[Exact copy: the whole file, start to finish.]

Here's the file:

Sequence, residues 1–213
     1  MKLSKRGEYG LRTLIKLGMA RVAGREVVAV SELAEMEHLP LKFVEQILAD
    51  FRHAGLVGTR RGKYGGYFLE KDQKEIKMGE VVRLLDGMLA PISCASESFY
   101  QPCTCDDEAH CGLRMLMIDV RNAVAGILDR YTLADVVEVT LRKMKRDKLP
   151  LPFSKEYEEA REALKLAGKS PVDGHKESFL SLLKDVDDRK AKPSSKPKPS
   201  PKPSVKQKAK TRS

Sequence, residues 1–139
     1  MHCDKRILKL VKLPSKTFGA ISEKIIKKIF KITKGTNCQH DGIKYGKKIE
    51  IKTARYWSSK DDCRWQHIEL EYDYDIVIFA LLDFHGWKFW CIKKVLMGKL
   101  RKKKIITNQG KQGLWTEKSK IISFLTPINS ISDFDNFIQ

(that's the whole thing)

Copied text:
Sequence, residues 1–213
     1  MKLSKRGEYG LRTLIKLGMA RVAGREVVAV SELAEMEHLP LKFVEQILAD
    51  FRHAGLVGTR RGKYGGYFLE KDQKEIKMGE VVRLLDGMLA PISCASESFY
   101  QPCTCDDEAH CGLRMLMIDV RNAVAGILDR YTLADVVEVT LRKMKRDKLP
   151  LPFSKEYEEA REALKLAGKS PVDGHKESFL SLLKDVDDRK AKPSSKPKPS
   201  PKPSVKQKAK TRS

Sequence, residues 1–139
     1  MHCDKRILKL VKLPSKTFGA ISEKIIKKIF KITKGTNCQH DGIKYGKKIE
    51  IKTARYWSSK DDCRWQHIEL EYDYDIVIFA LLDFHGWKFW CIKKVLMGKL
   101  RKKKIITNQG KQGLWTEKSK IISFLTPINS ISDFDNFIQ